A recent GlobalData poll has revealed that travellers are now more likely to book directly, instead of going through an OTA (Online Travel Agency). With flexible cancellation and straightforward refund policies, it is no surprise that travellers are utilising direct booking methods now more than ever.

Direct bookings are now the top booking method preferred by surveyed travellers, with a recent GlobalData poll revealing that 39%* of respondents would typically book in this way, followed by 17% that opt for OTAs and price comparison sites.

The pandemic has caused a significant shift in consumer booking habits. A previous survey (GlobalData’s Q3 2019 Consumer Survey) showed that OTAs were the most popular booking option, followed by direct booking with a hotel and direct booking with an airline. Some OTAs have been extremely slow to issue refunds and have received a raft of bad press as a result. This has knocked travellers’ confidence to book through intermediaries.

Cancellation and refund options tend to be simpler

Direct booking channels are likely to have experienced an increase in popularity due to the fragility of booking a trip in the current situation. With a high degree of uncertainty, travellers now desire the most flexible booking terms due to the higher likelihood of a trip being cancelled. With many direct booking channels offering flexible terms, easy changes, and quick refunds, it is no wonder they are winning travellers over.

Operators offering the ability for a traveller to make changes online places the power back into the traveller’s own hands and streamlines the whole process. By booking directly, the traveller cuts out the middleman. This considerably speeds up the change/refund process, increases their satisfaction and is one of the driving factors behind the increased propensity to book directly.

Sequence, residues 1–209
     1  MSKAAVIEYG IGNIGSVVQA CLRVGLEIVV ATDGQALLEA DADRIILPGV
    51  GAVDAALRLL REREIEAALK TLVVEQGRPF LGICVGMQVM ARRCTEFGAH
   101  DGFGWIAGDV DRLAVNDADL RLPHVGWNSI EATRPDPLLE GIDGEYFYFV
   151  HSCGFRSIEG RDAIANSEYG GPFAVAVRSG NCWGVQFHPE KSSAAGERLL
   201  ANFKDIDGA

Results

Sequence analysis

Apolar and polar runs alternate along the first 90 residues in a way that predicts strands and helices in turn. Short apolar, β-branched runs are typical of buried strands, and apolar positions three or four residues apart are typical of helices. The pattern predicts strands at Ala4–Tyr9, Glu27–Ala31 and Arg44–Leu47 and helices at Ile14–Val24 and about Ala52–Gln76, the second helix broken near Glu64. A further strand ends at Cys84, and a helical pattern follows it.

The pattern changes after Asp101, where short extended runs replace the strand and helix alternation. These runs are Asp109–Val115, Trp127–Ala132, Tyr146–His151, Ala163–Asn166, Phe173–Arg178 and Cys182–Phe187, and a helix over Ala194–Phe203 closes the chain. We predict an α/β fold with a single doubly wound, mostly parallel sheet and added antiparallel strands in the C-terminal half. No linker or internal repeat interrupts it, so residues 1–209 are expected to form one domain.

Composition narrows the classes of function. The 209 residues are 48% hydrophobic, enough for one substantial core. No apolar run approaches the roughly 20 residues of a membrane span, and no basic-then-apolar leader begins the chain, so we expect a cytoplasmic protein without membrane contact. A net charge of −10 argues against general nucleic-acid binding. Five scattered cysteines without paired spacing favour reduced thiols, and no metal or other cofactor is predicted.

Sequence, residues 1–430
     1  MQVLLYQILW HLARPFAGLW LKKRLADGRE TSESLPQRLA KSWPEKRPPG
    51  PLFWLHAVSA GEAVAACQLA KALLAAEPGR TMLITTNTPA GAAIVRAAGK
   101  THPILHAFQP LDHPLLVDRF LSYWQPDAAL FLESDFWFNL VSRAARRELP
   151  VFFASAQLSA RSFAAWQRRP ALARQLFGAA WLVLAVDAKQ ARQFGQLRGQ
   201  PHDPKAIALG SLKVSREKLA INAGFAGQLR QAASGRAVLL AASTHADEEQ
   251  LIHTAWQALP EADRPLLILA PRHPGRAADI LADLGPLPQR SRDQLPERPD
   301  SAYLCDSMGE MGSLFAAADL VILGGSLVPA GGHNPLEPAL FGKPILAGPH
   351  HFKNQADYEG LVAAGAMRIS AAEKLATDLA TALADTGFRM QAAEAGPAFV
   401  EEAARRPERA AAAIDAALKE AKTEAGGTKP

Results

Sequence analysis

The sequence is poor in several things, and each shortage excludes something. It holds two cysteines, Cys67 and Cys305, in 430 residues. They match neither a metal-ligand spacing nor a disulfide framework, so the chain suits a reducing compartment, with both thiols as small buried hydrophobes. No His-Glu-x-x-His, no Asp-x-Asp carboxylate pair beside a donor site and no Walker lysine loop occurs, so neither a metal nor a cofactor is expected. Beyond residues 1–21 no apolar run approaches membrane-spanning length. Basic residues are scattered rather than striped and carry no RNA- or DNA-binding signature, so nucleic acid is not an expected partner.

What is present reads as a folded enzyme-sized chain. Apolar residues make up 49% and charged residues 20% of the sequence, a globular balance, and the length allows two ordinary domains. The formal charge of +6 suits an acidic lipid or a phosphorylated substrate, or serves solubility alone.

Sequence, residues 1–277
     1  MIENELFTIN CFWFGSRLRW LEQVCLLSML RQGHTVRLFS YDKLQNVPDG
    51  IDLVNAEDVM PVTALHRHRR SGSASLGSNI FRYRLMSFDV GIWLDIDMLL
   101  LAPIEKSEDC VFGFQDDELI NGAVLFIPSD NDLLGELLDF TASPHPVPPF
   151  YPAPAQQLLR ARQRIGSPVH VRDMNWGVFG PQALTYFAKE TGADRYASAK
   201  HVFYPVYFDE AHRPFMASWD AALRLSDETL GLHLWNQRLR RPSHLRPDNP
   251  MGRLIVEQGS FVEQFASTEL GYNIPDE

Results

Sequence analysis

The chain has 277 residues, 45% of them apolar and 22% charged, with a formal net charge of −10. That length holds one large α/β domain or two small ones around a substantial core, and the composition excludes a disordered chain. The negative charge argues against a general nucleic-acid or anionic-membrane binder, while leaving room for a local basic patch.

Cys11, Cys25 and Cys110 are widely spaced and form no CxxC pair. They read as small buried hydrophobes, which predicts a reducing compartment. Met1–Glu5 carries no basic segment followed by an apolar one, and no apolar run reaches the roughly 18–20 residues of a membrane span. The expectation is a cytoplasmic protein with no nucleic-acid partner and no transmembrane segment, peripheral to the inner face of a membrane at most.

Some OTAs have been slow to issue refunds to travellers

Some OTAs have been slow to issue refunds, and the negative press received has not helped traveller confidence. Leading OTA Lastminute.com has been slow to do this and the UK Competition and Markets Authority had threatened the firm with legal action unless it met the 14-day refund timeline. Confidence in OTAs’ ability to issue refunds quickly and easily has dented confidence. The slowness of this process has been incredibly frustrating and has resulted in a slight shift away from this booking method.

As travellers seek to begin travelling again in the initial recovery stage from the pandemic, booking through an OTA will likely be foregone by some travellers in favour of direct booking methods. Flexible cancellation policies have likely been the underlying influencing factor behind this shift and this change looks set to stay for at least the short-term as travellers look for greater peace of mind when booking.

* GlobalData live tracker Verdict poll of 156 respondents, live since 19 April 2021.

** GlobalData Q3 2019 consumer survey, 29,744 global respondents.

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